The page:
For the 59th daily installment of Big Wheel Blading’s Inline Skating and Life During COVID-19 series we talk to Niko Salaman. Niko is a 22-year-old inline skater and university student living in Bristol, England. He was studying Illustration Animation in London until the lockdown. When all the schools were shutdown he was forced to move back home with his family in Bristol.

Free Skate – photo by Sam Cooper

What steps did England take to battle COVID-19 and how are things there now?

As of writing this, last week England just entered its first stage of relaxing the precautions on our lockdown, meaning that we are now allowed to go out whenever we choose and to meet with friends and family as long as the social distancing rules are maintained; so staying two meters from anyone not of your household and keeping any gatherings of people to small numbers.

Are you still skating? If so what precautions are you taking to stay safe? 

I’m still skating, more frequently than before to be honest. In terms of precautions, I always have my mask on me but I don’t always use it. I feel it’s unnecessary to wear in open spaces where there isn’t a soul in sight, plus the mask makes breathing very difficult while exercising.

Where have you been going out to skate?

I’ve either been cruising on big wheels, while covering miles in the city of Bristol, or going to my local skate park to practice traditional “grinder blading”. I am lucky enough to have a huge downhill style skatepark at my front door, that has remained open for ‘exercise’ throughout the lockdown. Until going out this last week and shooting photos with Sam Cooper, it has purely been all solo skating ventures for me.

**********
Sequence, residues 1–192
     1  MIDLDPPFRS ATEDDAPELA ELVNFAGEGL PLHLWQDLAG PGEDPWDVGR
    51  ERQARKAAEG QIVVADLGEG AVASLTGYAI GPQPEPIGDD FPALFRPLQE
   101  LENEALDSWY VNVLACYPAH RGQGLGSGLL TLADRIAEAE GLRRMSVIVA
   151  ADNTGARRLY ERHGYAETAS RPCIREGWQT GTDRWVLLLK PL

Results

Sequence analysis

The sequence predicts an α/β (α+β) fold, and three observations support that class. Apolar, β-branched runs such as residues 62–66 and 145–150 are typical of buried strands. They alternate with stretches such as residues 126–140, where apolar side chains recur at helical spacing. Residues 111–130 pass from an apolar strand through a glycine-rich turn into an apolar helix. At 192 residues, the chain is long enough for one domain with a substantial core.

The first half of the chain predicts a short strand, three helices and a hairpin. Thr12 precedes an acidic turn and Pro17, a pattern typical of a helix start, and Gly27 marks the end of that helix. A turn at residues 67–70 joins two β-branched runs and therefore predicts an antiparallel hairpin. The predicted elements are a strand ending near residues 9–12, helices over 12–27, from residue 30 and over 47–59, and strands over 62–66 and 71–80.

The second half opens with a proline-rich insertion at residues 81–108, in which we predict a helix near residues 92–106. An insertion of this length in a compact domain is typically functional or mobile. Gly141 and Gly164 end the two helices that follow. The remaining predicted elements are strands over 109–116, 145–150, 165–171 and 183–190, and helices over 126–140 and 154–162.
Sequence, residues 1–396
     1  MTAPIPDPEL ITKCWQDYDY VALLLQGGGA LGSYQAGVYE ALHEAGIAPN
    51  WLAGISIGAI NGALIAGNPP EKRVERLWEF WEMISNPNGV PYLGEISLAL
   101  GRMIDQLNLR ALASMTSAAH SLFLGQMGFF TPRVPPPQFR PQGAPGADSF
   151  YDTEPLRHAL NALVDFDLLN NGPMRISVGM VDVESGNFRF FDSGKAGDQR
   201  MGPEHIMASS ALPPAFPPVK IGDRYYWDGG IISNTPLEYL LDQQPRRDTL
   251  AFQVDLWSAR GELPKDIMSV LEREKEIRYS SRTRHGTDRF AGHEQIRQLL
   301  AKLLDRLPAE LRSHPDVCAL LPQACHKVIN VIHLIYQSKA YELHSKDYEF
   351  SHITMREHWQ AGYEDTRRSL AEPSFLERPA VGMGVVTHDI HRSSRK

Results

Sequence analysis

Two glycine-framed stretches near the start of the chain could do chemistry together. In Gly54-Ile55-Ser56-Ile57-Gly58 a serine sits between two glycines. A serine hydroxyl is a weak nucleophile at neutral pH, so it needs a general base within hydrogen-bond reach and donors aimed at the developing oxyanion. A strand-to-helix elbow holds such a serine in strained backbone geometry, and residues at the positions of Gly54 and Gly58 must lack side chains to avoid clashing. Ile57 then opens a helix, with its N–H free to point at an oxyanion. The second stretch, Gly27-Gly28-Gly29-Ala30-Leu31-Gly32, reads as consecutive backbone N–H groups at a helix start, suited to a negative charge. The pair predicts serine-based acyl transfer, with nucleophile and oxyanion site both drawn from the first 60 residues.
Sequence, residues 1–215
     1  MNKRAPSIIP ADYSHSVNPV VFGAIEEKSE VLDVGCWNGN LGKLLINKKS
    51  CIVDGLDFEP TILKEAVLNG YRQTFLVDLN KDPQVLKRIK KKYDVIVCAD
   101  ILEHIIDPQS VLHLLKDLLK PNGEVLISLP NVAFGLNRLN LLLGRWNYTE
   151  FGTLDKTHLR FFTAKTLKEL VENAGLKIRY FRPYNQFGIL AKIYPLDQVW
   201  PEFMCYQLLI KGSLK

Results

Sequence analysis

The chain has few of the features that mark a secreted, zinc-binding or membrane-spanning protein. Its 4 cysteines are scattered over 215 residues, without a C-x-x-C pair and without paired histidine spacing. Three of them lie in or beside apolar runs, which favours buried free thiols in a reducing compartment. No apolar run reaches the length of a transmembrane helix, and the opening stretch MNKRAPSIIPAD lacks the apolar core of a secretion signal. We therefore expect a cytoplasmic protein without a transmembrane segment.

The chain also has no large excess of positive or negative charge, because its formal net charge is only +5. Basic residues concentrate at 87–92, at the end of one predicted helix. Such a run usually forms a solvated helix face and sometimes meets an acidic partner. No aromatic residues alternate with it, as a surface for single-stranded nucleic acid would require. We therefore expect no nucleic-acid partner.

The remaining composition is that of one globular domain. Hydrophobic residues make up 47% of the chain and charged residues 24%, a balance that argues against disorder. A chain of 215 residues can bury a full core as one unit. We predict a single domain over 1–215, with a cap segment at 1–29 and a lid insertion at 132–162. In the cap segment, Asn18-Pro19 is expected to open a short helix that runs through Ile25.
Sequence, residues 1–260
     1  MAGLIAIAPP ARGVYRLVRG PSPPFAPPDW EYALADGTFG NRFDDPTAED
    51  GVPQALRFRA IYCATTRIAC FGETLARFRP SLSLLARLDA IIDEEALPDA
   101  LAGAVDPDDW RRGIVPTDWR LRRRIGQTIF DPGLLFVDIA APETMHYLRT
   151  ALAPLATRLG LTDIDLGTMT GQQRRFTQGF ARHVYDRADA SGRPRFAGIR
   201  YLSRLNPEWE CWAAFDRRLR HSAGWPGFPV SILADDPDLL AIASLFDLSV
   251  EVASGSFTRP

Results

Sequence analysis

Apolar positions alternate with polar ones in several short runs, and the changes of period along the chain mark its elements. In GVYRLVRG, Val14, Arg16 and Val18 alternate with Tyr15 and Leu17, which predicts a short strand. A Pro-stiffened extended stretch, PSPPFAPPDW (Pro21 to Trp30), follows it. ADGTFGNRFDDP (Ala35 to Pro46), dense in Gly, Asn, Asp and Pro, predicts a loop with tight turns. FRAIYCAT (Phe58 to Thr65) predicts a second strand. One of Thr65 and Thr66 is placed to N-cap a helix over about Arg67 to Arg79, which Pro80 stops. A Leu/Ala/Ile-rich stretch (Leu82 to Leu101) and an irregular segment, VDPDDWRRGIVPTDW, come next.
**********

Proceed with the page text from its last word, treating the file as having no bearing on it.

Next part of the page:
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If you haven’t stopped skating, what would make you stop?

I would stop going outside completely if one of my household family members started to become ill, or if I did. One of the reasons I have been quite lax with myself and the governments ruling’s is because I live in a pretty healthy household. We eat super healthy, my parents aren’t that old and nobody has any underlying health issues, that we are aware of, touchwood! That, alongside the fact that the virus hasn’t taken a heavy toll on Bristol and the hospitals here are operating well with space to spare. On the whole, this has eased my anxiousness on the matter as far as the local situation is concerned. 

Are you doing any cross training? 

As aforementioned, I like to undulate between urban skating and ‘aggressive’ skating. This often depends on what projects I’m working on, or simply what my mood draws me to that day or even what music I’ve been listening to. However, outside of skating, I practice yoga and more general fitness and bodyweight training but with a focus on helping my ability on rollerblades.

What other activities are you doing to occupy your time? 

For me the extra freedom in use of time has been a great blessing, I can now make time to properly focus on the things that I love doing but never could fit into my everyday routine pre-pandemic. Now I’m reading, researching and writing on personal projects, and maintaining my art and design practice in association to the degree I’m studying, all whilst working at a pace that cultivates health for my brain and passions.